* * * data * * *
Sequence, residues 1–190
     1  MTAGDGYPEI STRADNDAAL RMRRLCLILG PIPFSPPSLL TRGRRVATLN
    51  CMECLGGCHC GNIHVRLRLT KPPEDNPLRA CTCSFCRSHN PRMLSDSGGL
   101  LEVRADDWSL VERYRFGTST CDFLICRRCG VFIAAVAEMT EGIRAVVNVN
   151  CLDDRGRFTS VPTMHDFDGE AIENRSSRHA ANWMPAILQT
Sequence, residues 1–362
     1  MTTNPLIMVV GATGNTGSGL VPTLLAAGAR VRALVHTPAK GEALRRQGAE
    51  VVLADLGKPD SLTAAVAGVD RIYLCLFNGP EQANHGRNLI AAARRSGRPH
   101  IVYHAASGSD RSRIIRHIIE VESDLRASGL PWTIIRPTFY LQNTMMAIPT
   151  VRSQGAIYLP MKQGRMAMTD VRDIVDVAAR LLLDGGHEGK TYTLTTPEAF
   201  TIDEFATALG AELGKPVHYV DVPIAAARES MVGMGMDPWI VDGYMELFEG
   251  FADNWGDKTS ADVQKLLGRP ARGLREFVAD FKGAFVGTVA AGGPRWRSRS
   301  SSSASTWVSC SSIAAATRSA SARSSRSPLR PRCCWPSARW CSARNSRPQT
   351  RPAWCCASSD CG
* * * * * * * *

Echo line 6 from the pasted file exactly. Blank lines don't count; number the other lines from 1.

Sequence, residues 1–362